Critters that sport fish feed on are dwindling
Written by Rochester Democrat & Chronicle   
Tuesday, 20 June 2006 13:05

Lake Ontario is known for its monster lake trout — muscular, gray-green fish that keep anglers awake at night with anticipation. The slimy sculpin — a 3-inch-long, mottled brown fish with mucus-coated skin that more than lives up to the fish's name — gets considerably less attention.

"Why should we care about the little critters? Without them, there are no big critters," said Sean Hanna, director of the state Department of Environmental Conservation's regional office in Avon, Livingston County.

Without thousands of tiny prey fish like the sculpin, the underwater stars of Lake Ontario couldn't survive. And the numbers of those little critters are plummeting, scientists say, putting at risk the trout and salmon that draw fishermen to Lake Ontario.

Federal and state biologists are trying to find out why. Every summer they spend several weeks tracking prey fish — rainbow smelt, alewife and sculpin — to build a picture of the drastic changes in what lives beneath the waves.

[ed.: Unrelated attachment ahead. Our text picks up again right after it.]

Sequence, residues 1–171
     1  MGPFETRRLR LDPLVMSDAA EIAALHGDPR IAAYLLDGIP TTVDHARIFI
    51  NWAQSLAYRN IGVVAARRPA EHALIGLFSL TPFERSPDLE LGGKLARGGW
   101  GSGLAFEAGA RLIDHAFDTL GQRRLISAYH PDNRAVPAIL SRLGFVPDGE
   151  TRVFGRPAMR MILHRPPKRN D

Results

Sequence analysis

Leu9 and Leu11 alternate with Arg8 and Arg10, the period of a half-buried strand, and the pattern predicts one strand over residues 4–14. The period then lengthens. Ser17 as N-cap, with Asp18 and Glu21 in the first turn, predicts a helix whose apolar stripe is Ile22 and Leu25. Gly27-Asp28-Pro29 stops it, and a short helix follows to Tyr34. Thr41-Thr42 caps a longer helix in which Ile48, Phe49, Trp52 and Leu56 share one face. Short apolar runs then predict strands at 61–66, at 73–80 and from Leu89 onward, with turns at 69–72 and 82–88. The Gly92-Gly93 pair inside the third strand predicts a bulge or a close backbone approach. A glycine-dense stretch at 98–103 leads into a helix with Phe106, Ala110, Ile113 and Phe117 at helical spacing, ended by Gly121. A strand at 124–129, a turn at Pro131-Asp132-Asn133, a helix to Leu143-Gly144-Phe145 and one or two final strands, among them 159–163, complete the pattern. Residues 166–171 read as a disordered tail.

"So much is changing so fast. Every year it's a new lake out there," said Bob O'Gorman, a biologist with the U.S. Geological Survey in Oswego.

What is known:

Native lake trout at the top of the food chain would have disappeared if they weren't being stocked for sport fishing.

Invasive species like the round goby are breeding at tremendous rates.

Native prey fish like the slimy sculpin are declining.

The tiny native organisms that provide the base of the food chain are disappearing.
Scientists have only "fragmentary evidence" of how the system of all the native species functioned, said O'Gorman. The first major study was done in 1972, when the system was already degraded. Biologists have watched species disappear, but they've lacked the data to explain the losses.

Now, data from the research cruises are beginning to fill in the blanks.

Since May 31, the biologists have taken more than 100 samples, traveling east from Olcott, Niagara County, to Mexico Bay in Oswego County.

"We cover pretty much the whole U.S. shoreline," said USGS biologist Maureen Walsh. "But we do realize that we're sampling a small area of the lake. It's meant more to capture trends than the population status at a given point in time."

Tracking invasive species

Last week, the R/V Kaho — a federal research boat named after the Chippewa word for "searcher" — cruised the waters off Rochester. Many of the prey species that the biologists pursued — as well as the economically important predators that eat them — had no presence in the lake centuries ago, O'Gorman said.

The lake's food chain is in constant transition. Well-meaning biologists introduced foreign species like Coho salmon. Harmful invasive species like zebra mussels hitched a ride in ships' ballast water. Just understanding the ecological system requires constant vigilance.

"We're acting as sentinels," O'Gorman said.

When the lake changes, biologists on board the Kaho and its DEC counterpart, the R/V Seth Green, see it first.